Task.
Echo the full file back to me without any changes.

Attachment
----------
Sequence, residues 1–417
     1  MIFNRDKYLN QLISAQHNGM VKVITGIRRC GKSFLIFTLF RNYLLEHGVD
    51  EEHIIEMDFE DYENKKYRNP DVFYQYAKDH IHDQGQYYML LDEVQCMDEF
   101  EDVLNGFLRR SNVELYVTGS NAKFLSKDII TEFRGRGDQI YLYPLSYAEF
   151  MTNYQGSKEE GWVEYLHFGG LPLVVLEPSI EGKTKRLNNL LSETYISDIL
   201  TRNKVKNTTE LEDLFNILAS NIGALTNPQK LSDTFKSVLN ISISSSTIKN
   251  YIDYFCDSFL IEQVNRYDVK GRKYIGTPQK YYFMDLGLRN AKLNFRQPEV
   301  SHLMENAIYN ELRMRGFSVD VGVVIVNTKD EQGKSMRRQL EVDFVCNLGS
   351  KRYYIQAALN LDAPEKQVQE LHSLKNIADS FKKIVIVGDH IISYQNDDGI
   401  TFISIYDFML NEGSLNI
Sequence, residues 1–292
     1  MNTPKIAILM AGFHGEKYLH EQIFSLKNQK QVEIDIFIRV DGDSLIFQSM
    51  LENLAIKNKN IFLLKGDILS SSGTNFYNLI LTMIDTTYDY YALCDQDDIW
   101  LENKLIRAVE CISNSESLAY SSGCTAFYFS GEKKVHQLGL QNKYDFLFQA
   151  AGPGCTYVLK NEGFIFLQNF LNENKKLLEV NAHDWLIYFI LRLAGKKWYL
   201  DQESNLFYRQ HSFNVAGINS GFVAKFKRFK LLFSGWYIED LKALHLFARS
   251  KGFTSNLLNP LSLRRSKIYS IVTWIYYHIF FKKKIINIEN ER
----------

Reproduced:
Sequence, residues 1–417
     1  MIFNRDKYLN QLISAQHNGM VKVITGIRRC GKSFLIFTLF RNYLLEHGVD
    51  EEHIIEMDFE DYENKKYRNP DVFYQYAKDH IHDQGQYYML LDEVQCMDEF
   101  EDVLNGFLRR SNVELYVTGS NAKFLSKDII TEFRGRGDQI YLYPLSYAEF
   151  MTNYQGSKEE GWVEYLHFGG LPLVVLEPSI EGKTKRLNNL LSETYISDIL
   201  TRNKVKNTTE LEDLFNILAS NIGALTNPQK LSDTFKSVLN ISISSSTIKN
   251  YIDYFCDSFL IEQVNRYDVK GRKYIGTPQK YYFMDLGLRN AKLNFRQPEV
   301  SHLMENAIYN ELRMRGFSVD VGVVIVNTKD EQGKSMRRQL EVDFVCNLGS
   351  KRYYIQAALN LDAPEKQVQE LHSLKNIADS FKKIVIVGDH IISYQNDDGI
   401  TFISIYDFML NEGSLNI
Sequence, residues 1–292
     1  MNTPKIAILM AGFHGEKYLH EQIFSLKNQK QVEIDIFIRV DGDSLIFQSM
    51  LENLAIKNKN IFLLKGDILS SSGTNFYNLI LTMIDTTYDY YALCDQDDIW
   101  LENKLIRAVE CISNSESLAY SSGCTAFYFS GEKKVHQLGL QNKYDFLFQA
   151  AGPGCTYVLK NEGFIFLQNF LNENKKLLEV NAHDWLIYFI LRLAGKKWYL
   201  DQESNLFYRQ HSFNVAGINS GFVAKFKRFK LLFSGWYIED LKALHLFARS
   251  KGFTSNLLNP LSLRRSKIYS IVTWIYYHIF FKKKIINIEN ER